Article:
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[SINGAPORE] The double whammy of a slumping currency and rising hedging costs is denting the appeal of overseas financings for Indonesian borrowers.
Telecom operator Indosat turned to the local rupiah market on Thursday to refinance US dollar debt. Its move comes as Indonesia is pressuring local companies to rein in their foreign currency liabilities, and bankers expect more local companies to follow suit. "It has always been cheaper to fund in rupiah than in the offshore bond market," said a local head of debt capital markets. "With the government trying to put a halt to more companies seeking offshore debt, local companies will have to get more creative and start tapping the local market."
Indosat, which earns all its revenues in Indonesian rupiah, has priced a Rp3.1 trillion (S$317 millon) multi-tranche bond that will go towards the repayment of a US$650 million bond due 2020. The dollar bond has a call option on July 29 this year, and the company's top management plans to exercise it. "We are now focused on reducing the foreign exchange mismatch so we will not be so vulnerable to currency movements," said an Indosat spokesman. "Our operating levels are fine, but it's our bottom line that is being affected by currency risks."
The US$650 million bond makes up the biggest chunk of Indosat's US dollar debt. At US$850 million, the company's dollar liabilities account for a hefty 46 per cent of its total debt, and were a key factor behind foreign exchange losses in the first quarter of this year. Indosat last week reported a net forex loss of Rp717.6 billion for the first three months this year, reversing a gain of Rp805.7 billion in the first quarter of last year.
The rupiah has depreciated some 6 per cent this year against the greenback, and is trading around the lowest levels since the 1997/1998 Asian financial crisis. On May 28, the rupiah stood at 13,220 per dollar and analysts expect the rupiah to hover there or fall further to 13,500 for the rest of the year.
Alongside the rupiah slump, higher hedging costs are also forcing Indonesian borrowers to stay close to home.
Bank Indonesia is pushing companies like Indosat to hedge foreign debt to avoid a repeat of the Asian financial crisis, where a currency slump caught heavily indebted Indonesian borrowers on the wrong foot.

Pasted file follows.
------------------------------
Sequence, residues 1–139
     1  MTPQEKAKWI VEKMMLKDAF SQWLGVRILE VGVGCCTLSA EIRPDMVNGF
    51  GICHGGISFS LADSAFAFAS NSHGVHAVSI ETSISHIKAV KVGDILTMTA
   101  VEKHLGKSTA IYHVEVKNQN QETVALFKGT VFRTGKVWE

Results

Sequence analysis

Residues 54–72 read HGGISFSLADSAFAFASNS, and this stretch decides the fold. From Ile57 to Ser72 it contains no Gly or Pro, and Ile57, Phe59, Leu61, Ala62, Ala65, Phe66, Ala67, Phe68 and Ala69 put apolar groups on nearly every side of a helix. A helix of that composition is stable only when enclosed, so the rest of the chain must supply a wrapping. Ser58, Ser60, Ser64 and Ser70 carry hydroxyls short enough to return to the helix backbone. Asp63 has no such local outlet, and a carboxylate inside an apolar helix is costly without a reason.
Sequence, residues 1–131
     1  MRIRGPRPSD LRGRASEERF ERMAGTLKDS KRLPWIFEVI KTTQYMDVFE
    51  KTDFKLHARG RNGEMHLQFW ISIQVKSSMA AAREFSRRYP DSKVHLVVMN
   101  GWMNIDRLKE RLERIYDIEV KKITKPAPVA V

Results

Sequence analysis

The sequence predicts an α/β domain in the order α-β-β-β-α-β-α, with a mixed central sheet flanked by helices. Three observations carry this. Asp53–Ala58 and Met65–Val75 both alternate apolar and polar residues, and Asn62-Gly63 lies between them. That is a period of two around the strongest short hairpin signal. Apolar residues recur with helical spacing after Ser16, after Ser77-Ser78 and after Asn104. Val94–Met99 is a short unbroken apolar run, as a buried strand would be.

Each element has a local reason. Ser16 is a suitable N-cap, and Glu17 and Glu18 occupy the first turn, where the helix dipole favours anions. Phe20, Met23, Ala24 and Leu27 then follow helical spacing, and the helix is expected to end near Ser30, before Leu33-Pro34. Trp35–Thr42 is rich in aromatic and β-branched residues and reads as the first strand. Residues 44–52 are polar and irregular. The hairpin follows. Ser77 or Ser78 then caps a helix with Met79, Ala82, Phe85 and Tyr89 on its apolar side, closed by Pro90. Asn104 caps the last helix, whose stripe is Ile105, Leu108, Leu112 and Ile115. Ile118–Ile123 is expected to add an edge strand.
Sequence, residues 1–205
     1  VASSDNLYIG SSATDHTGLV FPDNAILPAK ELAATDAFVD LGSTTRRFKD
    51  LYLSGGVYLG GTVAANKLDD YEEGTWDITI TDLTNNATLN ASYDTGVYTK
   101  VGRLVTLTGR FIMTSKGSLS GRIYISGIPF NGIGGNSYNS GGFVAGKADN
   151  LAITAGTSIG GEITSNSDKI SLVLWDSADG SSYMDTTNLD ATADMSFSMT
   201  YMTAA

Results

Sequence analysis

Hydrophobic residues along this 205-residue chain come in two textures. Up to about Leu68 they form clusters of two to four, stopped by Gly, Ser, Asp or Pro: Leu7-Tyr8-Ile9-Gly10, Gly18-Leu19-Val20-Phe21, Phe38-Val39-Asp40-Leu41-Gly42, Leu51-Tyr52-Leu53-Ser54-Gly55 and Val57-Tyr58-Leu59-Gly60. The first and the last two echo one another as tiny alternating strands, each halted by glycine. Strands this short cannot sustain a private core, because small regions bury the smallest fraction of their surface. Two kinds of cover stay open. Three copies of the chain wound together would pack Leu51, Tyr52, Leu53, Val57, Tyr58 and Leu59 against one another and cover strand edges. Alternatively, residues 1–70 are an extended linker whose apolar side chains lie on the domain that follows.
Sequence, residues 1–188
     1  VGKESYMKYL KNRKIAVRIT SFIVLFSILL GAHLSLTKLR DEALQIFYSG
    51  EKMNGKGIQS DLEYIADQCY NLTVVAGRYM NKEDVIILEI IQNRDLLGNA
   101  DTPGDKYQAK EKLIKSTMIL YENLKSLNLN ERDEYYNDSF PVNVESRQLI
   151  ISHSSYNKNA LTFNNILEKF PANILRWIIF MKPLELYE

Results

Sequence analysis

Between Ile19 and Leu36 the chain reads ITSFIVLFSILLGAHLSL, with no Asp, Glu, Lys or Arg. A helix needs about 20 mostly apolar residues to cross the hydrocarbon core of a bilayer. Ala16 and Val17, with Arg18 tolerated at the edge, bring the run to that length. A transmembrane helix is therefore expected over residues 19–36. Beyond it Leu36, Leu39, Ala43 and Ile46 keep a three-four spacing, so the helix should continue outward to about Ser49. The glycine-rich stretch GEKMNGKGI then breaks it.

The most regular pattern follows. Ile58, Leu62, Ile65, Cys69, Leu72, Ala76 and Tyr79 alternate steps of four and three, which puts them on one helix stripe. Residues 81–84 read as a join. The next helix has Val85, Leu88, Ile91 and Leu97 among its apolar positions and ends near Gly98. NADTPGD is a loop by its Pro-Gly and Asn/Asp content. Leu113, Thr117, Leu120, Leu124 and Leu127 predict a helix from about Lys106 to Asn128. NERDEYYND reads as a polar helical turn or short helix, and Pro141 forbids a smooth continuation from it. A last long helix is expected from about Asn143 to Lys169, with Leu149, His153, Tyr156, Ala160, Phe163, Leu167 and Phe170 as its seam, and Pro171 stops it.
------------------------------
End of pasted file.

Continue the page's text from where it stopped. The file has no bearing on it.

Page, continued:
Such a scenario is a growing threat. According to the central bank, external debt in the first quarter this year increased by 7.6 per cent year-on-year to US$298.1 billion, including US$165.3 billion from private-sector borrowers. Less than 30 per cent of new foreign-currency corporate debt was hedged by April, according to BI.
Under the hedging laws, non-bank borrowers have to hedge at least 20 per cent of short-term net foreign liabilities in 2015 and 25 per cent in 2016. In addition, issuers have to maintain a minimum forex liquidity ratio to mitigate liquidity risk and a minimum credit rating of BB- before raising funds in the US dollar markets.
The weakening rupiah has raised the premium of 12-month forward rates to spot rates used in hedging. Reuters noted that the premium has risen to more than Rp1,000 since April. "We are not worried about the hedging rules as we are well above their requirements," said the Indosat spokesman. But he acknowledged that the cost of hedging has risen because of the rupiah's volatility. Hedging US dollar exposure for a year now costs about 4 per cent of the hedged amount, higher than around 2 per cent-3 per cent a year ago.
Not all Indonesian borrowers with US debt need - or are able - to refinance US dollar debt with local currency debt. Companies with overseas revenues, such as tyre maker Gajah Tunggal, are likely to retain their US dollar debt, while property companies are barred from raising local funds to fund land acquisitions.
The international market also offers far bigger deal sizes than the rupiah bond market can support, and the low interest rates in US dollars may still appeal to some fast-growing borrowers - even after the hedging costs. "The depreciation of rupiah has impacted natural rupiah earners who borrow in foreign currencies," said one Singapore-based debt banker. "Indonesian issuers are very savvy and sophisticated and they will weigh the cost competitiveness between domestic and offshore markets, and between bonds and bank loans."